By Joshua Benton
Blade Staff Writer
Toledo tax evaders, you’ve been put on notice: Pay up, or the city will use a high-tech tool to get you.
If city council approves the 1999 budget Tuesday, as expected, the city’s taxation division will receive $40,000 for a software package officials say will help them more easily find those skipping out on local income tax – and generate more for the city’s coffers.
“We’re not collecting as much money as we’d like to,” Gene Borton, the city’s tax commissioner, said. “And we think this will help.”
The city has a 2.25 per cent payroll tax, which is supposed to be deducted from paychecks by employers. But some residents and businesses don’t own up to their full income, failing to include items like rental income or self-employment revenue. Mr. Borton estimates that between 5 and 10 per cent of Toledoans don’t pay their full city tax, or pay none at all.
That total probably runs into the millions of dollars, he said, although there’s no way to be sure.
One of the easiest ways to catch those scofflaws is to compare the Internal Revenue Service’s records against the city’s. If someone filed a federal return but didn’t pay any Toledo tax, it’s a red flag, Mr. Borton said.
Beginning in 1992, the IRS sent the city massive amounts of computerized data to check against its own records.
Initially, the city found hundreds of conflicts between the two sets of records. As a result of the checks, the city collected more than $1 million in delinquent taxes in 1994, Mr. Borton said.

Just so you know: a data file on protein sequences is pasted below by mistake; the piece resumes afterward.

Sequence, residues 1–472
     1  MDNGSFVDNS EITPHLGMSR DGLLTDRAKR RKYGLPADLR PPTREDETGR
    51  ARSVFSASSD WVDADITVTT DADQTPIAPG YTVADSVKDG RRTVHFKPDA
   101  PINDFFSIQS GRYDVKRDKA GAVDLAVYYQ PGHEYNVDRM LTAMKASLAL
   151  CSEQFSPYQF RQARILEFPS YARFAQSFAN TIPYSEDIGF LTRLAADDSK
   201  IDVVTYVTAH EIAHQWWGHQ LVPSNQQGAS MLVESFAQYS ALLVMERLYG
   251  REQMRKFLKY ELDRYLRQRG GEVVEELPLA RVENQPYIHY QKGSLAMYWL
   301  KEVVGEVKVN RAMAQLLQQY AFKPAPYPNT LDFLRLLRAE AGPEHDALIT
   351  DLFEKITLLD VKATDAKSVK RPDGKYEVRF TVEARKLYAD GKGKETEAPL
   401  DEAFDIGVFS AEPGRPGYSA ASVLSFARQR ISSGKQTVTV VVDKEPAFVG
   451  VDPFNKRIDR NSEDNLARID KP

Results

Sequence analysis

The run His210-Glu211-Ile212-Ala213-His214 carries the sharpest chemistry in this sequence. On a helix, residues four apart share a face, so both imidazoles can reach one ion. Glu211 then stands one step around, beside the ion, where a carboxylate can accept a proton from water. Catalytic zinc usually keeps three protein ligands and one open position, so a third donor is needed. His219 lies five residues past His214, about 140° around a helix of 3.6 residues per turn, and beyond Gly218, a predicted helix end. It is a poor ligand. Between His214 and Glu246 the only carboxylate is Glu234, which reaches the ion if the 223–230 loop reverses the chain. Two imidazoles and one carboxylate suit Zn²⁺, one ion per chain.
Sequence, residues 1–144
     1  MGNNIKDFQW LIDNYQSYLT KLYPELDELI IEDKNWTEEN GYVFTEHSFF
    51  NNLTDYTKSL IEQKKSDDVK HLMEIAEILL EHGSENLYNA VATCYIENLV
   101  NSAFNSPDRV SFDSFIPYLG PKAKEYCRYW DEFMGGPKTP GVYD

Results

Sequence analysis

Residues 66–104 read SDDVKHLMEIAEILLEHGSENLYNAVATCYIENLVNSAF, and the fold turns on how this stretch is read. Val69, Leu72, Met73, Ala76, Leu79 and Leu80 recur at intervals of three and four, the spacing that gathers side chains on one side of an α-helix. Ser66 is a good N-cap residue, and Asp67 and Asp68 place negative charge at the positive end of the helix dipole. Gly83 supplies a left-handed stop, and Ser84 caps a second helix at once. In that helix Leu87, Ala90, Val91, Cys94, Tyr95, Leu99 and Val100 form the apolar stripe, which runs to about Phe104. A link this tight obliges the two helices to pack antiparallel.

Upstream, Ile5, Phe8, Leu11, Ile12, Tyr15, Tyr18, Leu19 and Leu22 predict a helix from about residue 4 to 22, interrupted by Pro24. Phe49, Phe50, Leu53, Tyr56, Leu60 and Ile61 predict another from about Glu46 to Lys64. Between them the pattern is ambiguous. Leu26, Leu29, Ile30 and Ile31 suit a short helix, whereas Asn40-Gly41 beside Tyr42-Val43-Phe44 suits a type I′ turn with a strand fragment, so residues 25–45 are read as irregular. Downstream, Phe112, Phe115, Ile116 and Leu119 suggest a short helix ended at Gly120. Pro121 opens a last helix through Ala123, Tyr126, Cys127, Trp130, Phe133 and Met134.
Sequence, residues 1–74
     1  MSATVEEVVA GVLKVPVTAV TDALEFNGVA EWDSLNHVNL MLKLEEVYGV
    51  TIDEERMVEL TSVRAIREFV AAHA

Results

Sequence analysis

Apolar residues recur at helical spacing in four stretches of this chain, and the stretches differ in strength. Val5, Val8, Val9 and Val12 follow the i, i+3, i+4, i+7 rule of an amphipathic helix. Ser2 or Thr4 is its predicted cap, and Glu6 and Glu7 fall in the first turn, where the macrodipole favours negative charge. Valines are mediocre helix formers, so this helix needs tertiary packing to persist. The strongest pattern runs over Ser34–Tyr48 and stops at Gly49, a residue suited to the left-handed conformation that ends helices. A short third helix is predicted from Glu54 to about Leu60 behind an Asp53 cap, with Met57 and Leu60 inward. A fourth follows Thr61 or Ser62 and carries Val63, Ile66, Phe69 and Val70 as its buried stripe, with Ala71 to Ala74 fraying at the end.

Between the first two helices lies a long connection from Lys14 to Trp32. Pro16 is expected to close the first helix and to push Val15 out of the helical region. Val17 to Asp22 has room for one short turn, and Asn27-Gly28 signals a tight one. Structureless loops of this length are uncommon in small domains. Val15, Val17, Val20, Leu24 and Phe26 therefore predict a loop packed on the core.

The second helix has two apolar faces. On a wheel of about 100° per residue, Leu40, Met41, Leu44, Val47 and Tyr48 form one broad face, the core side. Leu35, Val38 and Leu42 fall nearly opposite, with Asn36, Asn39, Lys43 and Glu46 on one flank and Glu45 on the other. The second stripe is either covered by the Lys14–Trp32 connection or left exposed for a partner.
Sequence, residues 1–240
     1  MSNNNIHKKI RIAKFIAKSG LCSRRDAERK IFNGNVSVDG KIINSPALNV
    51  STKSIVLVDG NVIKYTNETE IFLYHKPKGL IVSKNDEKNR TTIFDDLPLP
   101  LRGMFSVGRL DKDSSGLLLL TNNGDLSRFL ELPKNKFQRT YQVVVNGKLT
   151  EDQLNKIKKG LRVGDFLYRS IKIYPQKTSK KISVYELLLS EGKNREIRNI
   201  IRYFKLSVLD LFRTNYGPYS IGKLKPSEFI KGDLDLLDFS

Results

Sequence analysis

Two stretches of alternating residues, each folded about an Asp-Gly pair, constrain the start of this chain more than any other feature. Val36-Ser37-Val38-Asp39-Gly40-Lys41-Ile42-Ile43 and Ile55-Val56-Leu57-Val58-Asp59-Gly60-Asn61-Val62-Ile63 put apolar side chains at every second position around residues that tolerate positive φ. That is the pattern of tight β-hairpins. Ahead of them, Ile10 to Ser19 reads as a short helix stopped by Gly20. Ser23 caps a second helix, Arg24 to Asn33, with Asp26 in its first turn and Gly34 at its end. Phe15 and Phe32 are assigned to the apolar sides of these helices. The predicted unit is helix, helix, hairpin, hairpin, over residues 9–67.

But about three years ago, the IRS began sending the city its data in an unwieldy, complex format that couldn’t be analyzed easily.
Last year, because of technical difficulties, the city was only able to cross-check about 30 per cent of taxpayers’ records. Each one had to be printed out and hand-checked by employees.
That low-tech method brought in only about $600,000 in unpaid taxes, Mr. Borton said.
The proposed software system will allow the cross-checking be done by a computer instead of employees.
The software’s maker, Data Compression Technology of Minneapolis, has sold its program to six states and three cities, including Cleveland, which will start using it later this year, according to Don Pehta, the company’s vice president for marketing.
The program works by compressing the data to less than a tenth of its size, allowing tax record checks to be done much more quickly and efficiently, he said.
Mr. Borton was hesitant to estimate how much additional revenue the city would stand to gain from using the software package, but he said he believed the city probably would return to the $1 million-a-year totals, and perhaps generate significantly more – an important possibility for a city facing tight budgets for at least the next several years.
Mr. Pehta said that the average government using the software has seen its delinquent tax revenues go up by about 24 per cent.
One of the firm’s clients discovered one $600,000 unpaid tax bill through their software, Mr. Pehta said. Other jurisdictions have “paid for the software many times over,” he said.
Barring a surprise removal of the funding from this year’s budget, Mr. Borton said he hoped to have the software installed by June, in time for use on this fall’s IRS data.